JJJ Active Member

    Star,

    I too love trying other languages and have had a few of those blunders. Keep going! Hello in Russian is not Pikachu (LOL) it is Privyet (Pree-vee-yet), emphasis on the first syllable.
     
  17. Star*

    Star* call 911........call 911

    Fran -

    THe underpants story is the funniest thing I have heard in YEARS - OMG I can't wait to tell the girls at work I'm not the only one that says funny things. As for the Slovokian woman and saying that poem for her? That touched my heart as I'm sure it did hers. And of course our HS - such a communication barrier breaker!

    JJJ - YES oh gosh that was it - Prevyette!! THATS IT!!! THanks - the girl that told me was absolutely stunning - and had such a lovely personality. Here's what was odd - She's Russian, I'm American but.....we both could speak enough French to communicate - and I found myself spending the rest of the evening thinking that life was odd, and even though we all couldn't speak ONE language - the fact that we found a language we both could speak in that was NOT our native one was amazing to me.

    I've purchased Rosetta Stone and its not helpful - I'm doing on line studies now through the BBK and they are MUCH better. And FREE!
     
  18. TerryJ2

    TerryJ2 Well-Known Member

    Ohhh, Star and Fran, you made me laugh and it hurt my stitches. Oooouuuchieeeeee!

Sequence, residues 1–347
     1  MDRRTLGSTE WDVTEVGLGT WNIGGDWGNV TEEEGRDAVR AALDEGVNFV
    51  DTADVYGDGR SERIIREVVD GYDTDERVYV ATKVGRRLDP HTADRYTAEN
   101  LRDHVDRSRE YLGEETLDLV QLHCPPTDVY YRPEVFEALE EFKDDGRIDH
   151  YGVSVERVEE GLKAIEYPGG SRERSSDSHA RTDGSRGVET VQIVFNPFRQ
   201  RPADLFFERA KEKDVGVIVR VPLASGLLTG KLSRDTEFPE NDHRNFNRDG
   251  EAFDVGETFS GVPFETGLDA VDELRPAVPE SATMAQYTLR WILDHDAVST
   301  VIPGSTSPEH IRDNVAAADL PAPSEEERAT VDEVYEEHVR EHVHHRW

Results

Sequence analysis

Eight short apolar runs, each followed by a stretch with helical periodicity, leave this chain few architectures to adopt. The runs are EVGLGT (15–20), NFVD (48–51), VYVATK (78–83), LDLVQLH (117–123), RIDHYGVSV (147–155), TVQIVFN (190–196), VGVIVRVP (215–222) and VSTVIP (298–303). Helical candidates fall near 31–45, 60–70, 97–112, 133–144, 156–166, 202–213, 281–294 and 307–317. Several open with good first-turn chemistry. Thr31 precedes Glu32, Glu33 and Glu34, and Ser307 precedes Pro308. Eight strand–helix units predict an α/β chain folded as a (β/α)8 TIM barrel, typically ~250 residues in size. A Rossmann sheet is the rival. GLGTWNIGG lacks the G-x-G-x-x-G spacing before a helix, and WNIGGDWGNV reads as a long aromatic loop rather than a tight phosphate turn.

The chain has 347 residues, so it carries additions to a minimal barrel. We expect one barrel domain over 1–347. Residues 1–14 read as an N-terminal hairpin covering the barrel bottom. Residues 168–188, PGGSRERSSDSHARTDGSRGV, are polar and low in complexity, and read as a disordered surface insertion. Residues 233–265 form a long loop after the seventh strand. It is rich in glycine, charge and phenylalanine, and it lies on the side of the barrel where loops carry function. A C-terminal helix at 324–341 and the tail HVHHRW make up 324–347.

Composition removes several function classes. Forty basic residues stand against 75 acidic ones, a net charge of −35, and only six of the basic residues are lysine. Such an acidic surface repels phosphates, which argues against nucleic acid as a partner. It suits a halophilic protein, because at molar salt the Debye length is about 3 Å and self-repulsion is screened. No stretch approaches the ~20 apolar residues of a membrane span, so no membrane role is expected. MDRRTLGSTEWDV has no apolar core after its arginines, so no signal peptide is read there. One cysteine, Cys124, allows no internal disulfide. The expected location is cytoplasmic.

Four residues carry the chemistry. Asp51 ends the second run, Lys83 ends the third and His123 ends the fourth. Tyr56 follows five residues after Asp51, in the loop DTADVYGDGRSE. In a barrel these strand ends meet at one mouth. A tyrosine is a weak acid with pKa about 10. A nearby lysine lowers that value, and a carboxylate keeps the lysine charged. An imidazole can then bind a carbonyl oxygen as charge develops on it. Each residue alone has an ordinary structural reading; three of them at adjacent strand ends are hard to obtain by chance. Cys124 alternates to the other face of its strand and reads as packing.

19. Star*

    Star* call 911........call 911

    I read Frans story to my family and now I think THEY will need an adjustment Terry - OMG can you SEE the looks on the guys' faces?
    PRIIIIIIIIIICELESS.
     
  20. Marguerite

    Marguerite Active Member

    husband & I were 22 when we married. We went to Malaysia for our honeymoon, flying in to Singapore for the second week. We'd just come from a very detailed security/customs search unheard of back in those days - to leave Penang all our luggage was searched in our presence, we had to handle everything in case it was boobytrapped or something, guards carrying machine guns at the ready were standing there watching and pointing what they wanted us to do next. husband had to open up his tubes of shaving cream, we had to open every bottle of shampoo, husband's camera bag came in for close inspection, he even had to take his telephoto lens apart. And it wasn't just us - there was a long queue of people all having to do this. Only then could we have our luggage sent to the plane and then wait, with just our hand luggage, in a tiny little whitewashed room where a lazy ceiling fan rearranged the humidity... so by the time we finally arrived in Singapore I was feeling very nervous. Compared to Penang (as it was back then) Singapore was white, shiny, large, efficient. A polite but firm guard approached me and asked, "Do you have any secrets?"

    Pardon?

    He repeated his question even more insistently. "Do you have any secrets to declare?"

    OK, we were just married. Was he wanting me to unburden myself about perhaps the depraved sexual practices of the newly married Westerner, perhaps?

    Then he mimed smoking. "Any secrets?" he repeated. "Sec-a-rets?"

    Aah. Cigarettes! The light switched on. "No, sorry, I don't smoke." I began to walk past. He firmly stopped me. It wasn't a guard trying to cadge a cigarette, it was a Customs inspection.

    Fortunately, he had a sense of humour because by then my nerves were frayed.

    Marg